And no, I don't think that female hip hop artists singing like whores (or about being whores) is a sign of sexual liberation. No, I am not a prude. No, I am not "practicing" any religion these days. I just think all this bootyslap, bango deluxe lyricism is a joke. If I talked like that in conversation, most women would want to remove my lungs with a spoon. Please refer to the above article from the Village Voice (which ain't exactly a conservative outlet).

Now, Public Enemy? That's some GOOD shit. KRS One? GOOD SHIT. Young MC? GOOD SHIT. Run DMC? GOOD SHIT.

Also, if you like hip hop, find this song: "Your Revolution" by DJ Vadim with Sarah Jones. It is on an album called "INcredible Sound of Giles Peterson". If you can't find it, PM me and I will send you the MP3. It is my fave hip hop song EVER, besides (of course) "The Message" by Grandmaster Flash and the Furious Five and "Burn Hollywood Burn" by Public Enemy.
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Postby Kid Nashville » Sun Jan 30, 2005 2:50 pm

I'm sorry, but the Hip Hop culture is a cancer on society. It perpetuates every negative black stereotype. Misogyny, violence, ignorance, anti social behavior, etc. Hip Hop artists are clownish 2 dimensional characters. The genre is as satirical as the minstrel acts of yore. Thomas Dartmouth "Daddy" Rice been replaced by Eminem. Is it funny? Perhaps. Unfortunately, a great many people subscribe to the lifestyle. The jails are busting at the seams w/ them.

"Weel about and turn about and do jus' so,
Eb'ry time I weel about, I jump Jim Crow."
Last edited by Kid Nashville on Mon Jan 31, 2005 6:22 am, edited 1 time in total.
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Postby Fool On Fire » Sun Jan 30, 2005 4:33 pm

There are hip-hop artists out there who are bucking the trend, just like there are folk artists, country artists, blues artists, rock artists, etc etc etc who are bucking the trend. You don't have to like hip-hop, but don't assert that every hip-hop artist is a caricature. That's a silly argument. I don't think, for example, that Lauryn Hill is a caricature of blackness - she is a strong, articulate, intelligent woman with a defined message to her music. Nor do I think that will.i.am (lead creator of Black-Eyed Peas) is a caricature of blackness and black culture. In fact, these are two examples of black people in hip-hop music who are using great creativity, innovation, and talent to their advantage, artistry, and success. Good for them. Yes, there is a lot of crappy hip-hop out there...but just like with any other genre, there is good stuff too. You have to be willing to look for it to find it, just like with any kind of popular music.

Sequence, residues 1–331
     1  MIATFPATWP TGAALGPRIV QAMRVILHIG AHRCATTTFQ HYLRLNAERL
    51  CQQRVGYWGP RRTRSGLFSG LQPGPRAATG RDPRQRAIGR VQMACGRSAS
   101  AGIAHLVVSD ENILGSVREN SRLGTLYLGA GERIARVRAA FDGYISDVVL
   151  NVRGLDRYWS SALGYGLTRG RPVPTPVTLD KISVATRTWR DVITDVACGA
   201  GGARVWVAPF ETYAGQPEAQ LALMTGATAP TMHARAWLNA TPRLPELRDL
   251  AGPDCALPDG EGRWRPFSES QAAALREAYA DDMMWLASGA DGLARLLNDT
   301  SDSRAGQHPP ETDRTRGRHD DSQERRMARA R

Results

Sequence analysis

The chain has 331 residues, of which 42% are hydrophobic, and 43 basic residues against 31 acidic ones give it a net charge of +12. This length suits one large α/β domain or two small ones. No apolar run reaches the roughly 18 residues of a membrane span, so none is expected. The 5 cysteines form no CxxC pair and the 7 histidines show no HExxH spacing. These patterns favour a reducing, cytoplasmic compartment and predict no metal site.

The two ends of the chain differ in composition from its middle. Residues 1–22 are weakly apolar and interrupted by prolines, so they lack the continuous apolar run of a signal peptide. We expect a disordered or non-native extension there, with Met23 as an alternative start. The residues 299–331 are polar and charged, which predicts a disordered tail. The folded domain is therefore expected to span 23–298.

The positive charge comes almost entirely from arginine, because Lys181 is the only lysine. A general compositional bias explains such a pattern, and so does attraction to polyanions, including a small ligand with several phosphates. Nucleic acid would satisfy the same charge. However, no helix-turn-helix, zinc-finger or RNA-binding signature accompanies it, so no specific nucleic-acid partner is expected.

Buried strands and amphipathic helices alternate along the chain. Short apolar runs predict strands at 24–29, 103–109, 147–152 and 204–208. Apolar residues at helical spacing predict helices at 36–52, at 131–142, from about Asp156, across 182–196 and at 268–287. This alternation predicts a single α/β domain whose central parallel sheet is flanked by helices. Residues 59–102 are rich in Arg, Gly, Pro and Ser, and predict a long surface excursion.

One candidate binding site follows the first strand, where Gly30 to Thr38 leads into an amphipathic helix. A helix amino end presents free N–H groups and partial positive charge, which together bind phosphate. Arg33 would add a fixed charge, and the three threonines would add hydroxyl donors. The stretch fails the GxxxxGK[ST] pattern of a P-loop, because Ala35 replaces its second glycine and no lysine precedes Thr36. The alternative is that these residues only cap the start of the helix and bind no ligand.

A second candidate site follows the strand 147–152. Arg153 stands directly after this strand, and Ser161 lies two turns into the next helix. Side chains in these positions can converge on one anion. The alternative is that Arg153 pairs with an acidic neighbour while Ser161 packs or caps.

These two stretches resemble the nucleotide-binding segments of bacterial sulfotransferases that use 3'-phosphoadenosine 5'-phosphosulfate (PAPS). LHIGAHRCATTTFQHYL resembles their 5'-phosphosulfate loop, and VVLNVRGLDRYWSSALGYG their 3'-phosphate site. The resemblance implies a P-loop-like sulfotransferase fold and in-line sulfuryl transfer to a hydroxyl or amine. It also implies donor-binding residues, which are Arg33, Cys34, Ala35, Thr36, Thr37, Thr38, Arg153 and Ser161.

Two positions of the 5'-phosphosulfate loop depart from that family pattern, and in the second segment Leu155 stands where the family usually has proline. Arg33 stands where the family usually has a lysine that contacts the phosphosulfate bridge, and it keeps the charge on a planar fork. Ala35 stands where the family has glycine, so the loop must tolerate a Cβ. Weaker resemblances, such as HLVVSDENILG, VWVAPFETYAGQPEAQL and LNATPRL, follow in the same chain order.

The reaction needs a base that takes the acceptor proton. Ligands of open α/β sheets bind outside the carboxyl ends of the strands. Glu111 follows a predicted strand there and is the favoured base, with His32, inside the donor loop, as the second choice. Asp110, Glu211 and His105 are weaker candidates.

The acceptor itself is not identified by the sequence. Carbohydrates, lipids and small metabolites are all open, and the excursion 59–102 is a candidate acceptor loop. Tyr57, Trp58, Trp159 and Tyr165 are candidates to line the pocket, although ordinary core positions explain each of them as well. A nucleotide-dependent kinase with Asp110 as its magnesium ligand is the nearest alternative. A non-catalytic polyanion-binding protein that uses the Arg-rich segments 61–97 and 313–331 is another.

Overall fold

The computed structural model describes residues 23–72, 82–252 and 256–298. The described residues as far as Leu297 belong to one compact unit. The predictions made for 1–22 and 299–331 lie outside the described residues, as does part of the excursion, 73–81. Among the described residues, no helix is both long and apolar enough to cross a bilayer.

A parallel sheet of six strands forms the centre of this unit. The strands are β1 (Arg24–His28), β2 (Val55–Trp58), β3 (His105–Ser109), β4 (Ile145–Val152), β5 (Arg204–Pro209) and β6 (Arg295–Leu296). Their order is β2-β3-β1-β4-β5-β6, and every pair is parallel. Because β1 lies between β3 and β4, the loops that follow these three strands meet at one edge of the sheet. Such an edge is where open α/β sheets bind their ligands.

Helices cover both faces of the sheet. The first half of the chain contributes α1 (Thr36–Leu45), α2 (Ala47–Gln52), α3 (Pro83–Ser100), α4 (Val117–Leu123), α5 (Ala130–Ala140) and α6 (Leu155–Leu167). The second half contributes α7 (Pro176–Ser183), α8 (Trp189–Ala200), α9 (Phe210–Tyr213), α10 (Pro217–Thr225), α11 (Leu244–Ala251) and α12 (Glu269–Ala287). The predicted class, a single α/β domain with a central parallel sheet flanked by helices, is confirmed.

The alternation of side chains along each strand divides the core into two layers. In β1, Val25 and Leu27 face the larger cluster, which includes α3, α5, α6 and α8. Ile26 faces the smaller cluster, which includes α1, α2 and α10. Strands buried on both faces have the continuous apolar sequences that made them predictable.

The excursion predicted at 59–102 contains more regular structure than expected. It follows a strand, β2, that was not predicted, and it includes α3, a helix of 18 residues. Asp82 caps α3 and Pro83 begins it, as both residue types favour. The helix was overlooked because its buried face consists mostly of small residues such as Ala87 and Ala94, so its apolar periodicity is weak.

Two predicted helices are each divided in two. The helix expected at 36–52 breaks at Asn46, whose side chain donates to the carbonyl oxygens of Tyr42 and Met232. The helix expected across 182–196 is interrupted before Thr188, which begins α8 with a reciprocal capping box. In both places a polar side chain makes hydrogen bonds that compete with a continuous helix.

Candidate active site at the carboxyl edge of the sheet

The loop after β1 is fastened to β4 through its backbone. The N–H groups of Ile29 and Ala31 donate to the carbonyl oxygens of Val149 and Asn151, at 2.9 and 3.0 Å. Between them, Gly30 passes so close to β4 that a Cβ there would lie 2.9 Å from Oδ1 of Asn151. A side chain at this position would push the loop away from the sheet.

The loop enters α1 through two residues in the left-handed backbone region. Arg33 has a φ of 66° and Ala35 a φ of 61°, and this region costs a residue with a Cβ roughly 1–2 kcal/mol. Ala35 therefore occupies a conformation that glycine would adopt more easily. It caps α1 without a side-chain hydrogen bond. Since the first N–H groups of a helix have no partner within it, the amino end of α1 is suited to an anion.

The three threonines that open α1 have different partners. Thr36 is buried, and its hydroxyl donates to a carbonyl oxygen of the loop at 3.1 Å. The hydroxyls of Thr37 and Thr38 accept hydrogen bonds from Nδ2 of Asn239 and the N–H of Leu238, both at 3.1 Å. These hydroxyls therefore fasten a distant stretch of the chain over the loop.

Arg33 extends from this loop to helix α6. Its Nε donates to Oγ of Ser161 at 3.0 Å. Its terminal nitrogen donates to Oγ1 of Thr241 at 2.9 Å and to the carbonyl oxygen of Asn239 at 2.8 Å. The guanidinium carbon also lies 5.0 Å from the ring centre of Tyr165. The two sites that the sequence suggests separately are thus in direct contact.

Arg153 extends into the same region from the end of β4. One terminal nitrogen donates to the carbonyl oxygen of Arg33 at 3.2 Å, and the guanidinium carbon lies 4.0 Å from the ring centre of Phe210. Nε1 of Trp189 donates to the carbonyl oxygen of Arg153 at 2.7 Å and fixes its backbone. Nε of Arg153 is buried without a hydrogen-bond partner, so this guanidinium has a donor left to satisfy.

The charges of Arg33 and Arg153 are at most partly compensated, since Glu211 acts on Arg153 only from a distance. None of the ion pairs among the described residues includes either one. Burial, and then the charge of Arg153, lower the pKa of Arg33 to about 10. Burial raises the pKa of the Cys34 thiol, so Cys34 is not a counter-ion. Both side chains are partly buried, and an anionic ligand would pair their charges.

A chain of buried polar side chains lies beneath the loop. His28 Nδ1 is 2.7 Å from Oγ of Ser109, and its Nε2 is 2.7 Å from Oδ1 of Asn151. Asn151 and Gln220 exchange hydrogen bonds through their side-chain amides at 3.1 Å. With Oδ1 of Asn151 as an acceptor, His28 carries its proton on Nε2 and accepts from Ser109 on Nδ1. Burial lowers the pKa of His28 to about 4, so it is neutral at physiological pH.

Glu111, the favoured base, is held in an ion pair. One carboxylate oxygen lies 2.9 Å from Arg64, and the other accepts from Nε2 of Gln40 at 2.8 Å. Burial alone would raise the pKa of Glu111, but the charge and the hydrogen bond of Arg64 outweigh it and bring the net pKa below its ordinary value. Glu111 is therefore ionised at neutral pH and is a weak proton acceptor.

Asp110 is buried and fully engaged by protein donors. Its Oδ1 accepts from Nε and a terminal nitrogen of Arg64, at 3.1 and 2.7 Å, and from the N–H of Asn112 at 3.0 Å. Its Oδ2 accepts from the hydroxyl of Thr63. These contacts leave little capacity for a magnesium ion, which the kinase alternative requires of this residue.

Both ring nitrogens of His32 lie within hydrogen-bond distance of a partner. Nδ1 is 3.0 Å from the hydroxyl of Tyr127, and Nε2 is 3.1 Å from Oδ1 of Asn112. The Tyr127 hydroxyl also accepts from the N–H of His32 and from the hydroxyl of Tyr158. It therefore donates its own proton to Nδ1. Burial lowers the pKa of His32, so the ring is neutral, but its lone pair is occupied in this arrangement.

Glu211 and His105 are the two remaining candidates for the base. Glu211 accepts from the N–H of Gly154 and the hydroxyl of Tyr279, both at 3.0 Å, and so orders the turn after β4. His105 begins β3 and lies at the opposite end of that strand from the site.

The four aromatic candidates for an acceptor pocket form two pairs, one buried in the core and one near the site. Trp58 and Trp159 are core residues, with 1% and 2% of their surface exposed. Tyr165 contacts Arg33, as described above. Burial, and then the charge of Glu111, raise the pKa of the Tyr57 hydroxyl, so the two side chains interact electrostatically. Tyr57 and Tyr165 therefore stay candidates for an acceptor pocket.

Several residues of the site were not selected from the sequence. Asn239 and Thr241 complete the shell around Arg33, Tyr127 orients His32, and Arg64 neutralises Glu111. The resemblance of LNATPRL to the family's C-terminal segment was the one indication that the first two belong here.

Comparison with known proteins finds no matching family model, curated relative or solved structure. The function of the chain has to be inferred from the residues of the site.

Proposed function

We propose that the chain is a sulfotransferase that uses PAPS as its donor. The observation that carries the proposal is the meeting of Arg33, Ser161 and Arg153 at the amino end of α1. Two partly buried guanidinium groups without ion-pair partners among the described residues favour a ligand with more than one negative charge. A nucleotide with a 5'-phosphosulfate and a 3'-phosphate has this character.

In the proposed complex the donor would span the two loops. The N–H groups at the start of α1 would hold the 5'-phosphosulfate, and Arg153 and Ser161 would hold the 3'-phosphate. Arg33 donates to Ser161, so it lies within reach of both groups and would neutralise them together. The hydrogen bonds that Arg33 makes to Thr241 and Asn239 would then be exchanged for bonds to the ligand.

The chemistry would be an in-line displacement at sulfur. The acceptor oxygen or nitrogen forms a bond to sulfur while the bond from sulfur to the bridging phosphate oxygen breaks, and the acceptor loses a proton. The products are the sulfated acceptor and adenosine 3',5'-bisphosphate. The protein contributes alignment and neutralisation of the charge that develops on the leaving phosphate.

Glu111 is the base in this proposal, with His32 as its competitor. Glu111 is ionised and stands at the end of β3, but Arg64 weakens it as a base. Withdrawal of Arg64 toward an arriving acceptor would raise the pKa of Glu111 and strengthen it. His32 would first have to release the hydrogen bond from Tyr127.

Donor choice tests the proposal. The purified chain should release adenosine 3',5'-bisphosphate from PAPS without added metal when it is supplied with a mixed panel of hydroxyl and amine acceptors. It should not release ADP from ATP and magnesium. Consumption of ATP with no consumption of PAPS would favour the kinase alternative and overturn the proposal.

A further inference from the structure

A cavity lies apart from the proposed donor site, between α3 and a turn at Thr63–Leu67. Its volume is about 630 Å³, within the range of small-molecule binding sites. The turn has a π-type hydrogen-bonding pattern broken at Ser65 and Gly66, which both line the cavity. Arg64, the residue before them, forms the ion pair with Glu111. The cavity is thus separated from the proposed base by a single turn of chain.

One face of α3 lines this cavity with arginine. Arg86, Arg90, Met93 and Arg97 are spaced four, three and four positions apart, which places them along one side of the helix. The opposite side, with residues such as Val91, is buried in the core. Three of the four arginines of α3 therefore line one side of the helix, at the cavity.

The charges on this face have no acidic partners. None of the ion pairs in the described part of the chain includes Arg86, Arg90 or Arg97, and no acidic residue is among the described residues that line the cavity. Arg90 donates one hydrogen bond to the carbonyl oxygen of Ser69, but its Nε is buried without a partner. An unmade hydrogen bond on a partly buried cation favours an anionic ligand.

I am pointing out here that you are looking at examples that are not truly representative of the genre as a whole. Sort of like how Shania Twain is not representative of all women in country music...and Britney Spears is not an accurate measure of the talent of songwriters these days.

Despite the fact that you don't like it and have some kind of war to wage against the genre without considering the good music that has come out of it, there are good things about hip-hop, and good artists who sing hip-hop.

I feel the weight of the world on my shoulder
As I'm gettin older people gets colder
Most of us only care about money makin
Selfishness got us followin our wrong direction
Wrong information always shown by the media
Negative images is the main criteria
Infecting the young minds faster than bacteria
Kids wanna act like what they see in the cinema
Whatever happened to the values of humanity
Whatever happened to the fairness in equality
Instead of spreading love we spreading animosity
Lack of understanding, leading lives away from unity
That's the reason why sometimes I'm feelin under
That's the reason why sometimes I'm feelin down
There's no wonder why sometimes I'm feelin under
Gotta keep my faith alive till love is found

-- The Black-Eyed Peas

Peace out,
~Elise
I've become the beggar now, and you've become the saint somehow
twist the words and place the blame, and tell me now, aren't we the same?

-- Amy Ray

born under a bad sign, been down since I began to crawl
if it wasn't for bad luck, I wouldn't have no luck at all

-- Albert King

the saints and all the martyrs look down on dying converts
"what makes the water holy," she said, "is that it's the closest thing to rain..."

-- Josh Ritter


...the blues is the roots...everything else is the fruits...
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Postby Kid Nashville » Sun Jan 30, 2005 9:26 pm

Sorry Fool On Fire...but this argument is laughable. For every Lauryn Hill (a self confessed rascist) or Black Eyed Peas, There are a half million gangstas trying to make a name for themselves by out "gangsta-ering" the next. I know your a college student and you and your friends think it's novel, and it's "crunk", and you like to do the "raise the roof" gesture. But you are foolish if you think that this is a positive movement.
"I don't care if they're Greek columns, or second-hand Steinways, but what's between them... passport to heaven."- Lt. Col. Frank Slade Scent Of A Woman
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Postby gillian » Sun Jan 30, 2005 10:35 pm

Kid Nashville wrote:I know your a college student and you and your friends think it's novel, and it's "crunk", and you like to do the "raise the roof" gesture.


Umm, I'm thinking not.

I think there are two separate points here... the hip-hop/gangsta rap culture, and the actual music. KN, it seems like you won't even admit that there could be ANY good music in the hip-hop genre just because you don't like the culture. I really don't think the argument is laughable... there ARE Lauryn Hills and Black Eyed Peas out there, even if they're a very minor percent of the population.